Physicians work in one of the busiest professions, and finding time to dedicate to personal finances can be challenging. Would you classify yourself as financially prepared or behind schedule?

In a new study of the financial preparedness of U.S. women physicians, AMA Insurance revealed the top six traits of financially prepared women physicians—those who consider themselves “on track” or “ahead of schedule” when it comes to retirement readiness.

Here are the six traits of a financially prepared woman physician:

  • Considers her retirement portfolio “on track” or “ahead of schedule” for her age and career stage. On average, more than one-half of women physicians feel as though their retirement savings are “on track,” including 7 percent who consider themselves “ahead of schedule.” Financially prepared women physicians have significantly more retirement savings than peers who consider themselves “behind schedule.” More than one-third of financially prepared women physicians have more than $1 million in their retirement portfolio. If you need to get started, read about retirement savings strategies for physicians who start late and tips to get started during residency. 
  • Keeps a liquid emergency fund adequate for her current lifestyle. Nearly 80 percent of financially prepared women physicians have a separate, emergency-only fund, and more than one-half keep at least $50,000 available in this fund. In fact, nearly 60 percent say they could write a $25,000 check to cover an emergency expense “with no problem.” Two-thirds of women physicians would need to move funds or liquidate assets if faced with a large emergency expense, and about 7 percent said they simply couldn’t do it.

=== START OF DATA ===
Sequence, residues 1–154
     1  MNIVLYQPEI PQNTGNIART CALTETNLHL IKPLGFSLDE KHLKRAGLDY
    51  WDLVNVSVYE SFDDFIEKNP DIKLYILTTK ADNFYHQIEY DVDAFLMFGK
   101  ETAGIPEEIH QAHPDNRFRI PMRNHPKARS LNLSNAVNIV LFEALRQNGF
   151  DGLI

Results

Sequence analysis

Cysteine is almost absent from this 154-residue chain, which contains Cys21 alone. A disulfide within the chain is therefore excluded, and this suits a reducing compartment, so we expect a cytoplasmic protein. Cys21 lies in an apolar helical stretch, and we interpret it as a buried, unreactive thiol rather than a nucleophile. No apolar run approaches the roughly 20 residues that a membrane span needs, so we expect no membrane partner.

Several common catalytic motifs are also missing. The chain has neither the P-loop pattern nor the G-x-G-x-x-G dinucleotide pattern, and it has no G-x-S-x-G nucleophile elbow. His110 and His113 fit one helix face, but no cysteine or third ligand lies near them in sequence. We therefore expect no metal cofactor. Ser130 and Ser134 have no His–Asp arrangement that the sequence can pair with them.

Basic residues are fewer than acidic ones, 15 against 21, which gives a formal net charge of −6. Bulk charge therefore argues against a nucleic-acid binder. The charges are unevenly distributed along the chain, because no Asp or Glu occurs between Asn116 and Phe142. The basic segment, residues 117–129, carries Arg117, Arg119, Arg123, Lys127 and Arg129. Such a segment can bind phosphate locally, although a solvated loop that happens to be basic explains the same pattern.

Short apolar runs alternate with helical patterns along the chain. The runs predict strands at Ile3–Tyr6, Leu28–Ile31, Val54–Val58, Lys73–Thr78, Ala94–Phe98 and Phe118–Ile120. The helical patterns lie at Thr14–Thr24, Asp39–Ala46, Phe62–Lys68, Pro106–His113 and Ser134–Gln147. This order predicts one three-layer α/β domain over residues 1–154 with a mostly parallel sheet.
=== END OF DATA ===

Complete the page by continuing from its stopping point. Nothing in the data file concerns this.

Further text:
• Feels adequately protected in the event of a disability. Most financially prepared women physicians feel prepared to handle their finances if they became disabled and couldn’t practice medicine. Financially prepared women were more likely to have recently revisited their disability insurance policy and were confident that they carried enough disability insurance to cover their current lifestyle. About 70 percent of employed women physicians receive disability insurance through their employer. Financially prepared employed women physicians also were more likely to know whether their employer pays the premium on that insurance and whether their benefit would be taxable. Read what you need to know about disability insurance.
  • Uses a professional financial advisor. Two out of three financially prepared women physicians use the services of a professional financial planner. Most said they found their planner through a referral, and the majority said they are “satisfied” or “very satisfied” with their choice. Those who don’t use an advisor said the main reason is because they haven’t found someone they trust. 
  • Has updated will and medical and end-of-life directives in place. Since most women physicians are the breadwinners in their families, end-of-life and medical directives and wills are important. More than one-half of women physicians who consider themselves “behind schedule” do not have any elements of an estate plan. 
  • Feels more knowledgeable and confident about personal finances. Most financially prepared women physicians are either “very confident” or “somewhat confident” in their ability to make financial planning decisions, while nearly one-half of those women physicians who are behind in planning said they aren’t very confident.

Read the top personal finance tips from experienced physicians.

Find more physician-exclusive research in the AMA Insurance Research Center. 

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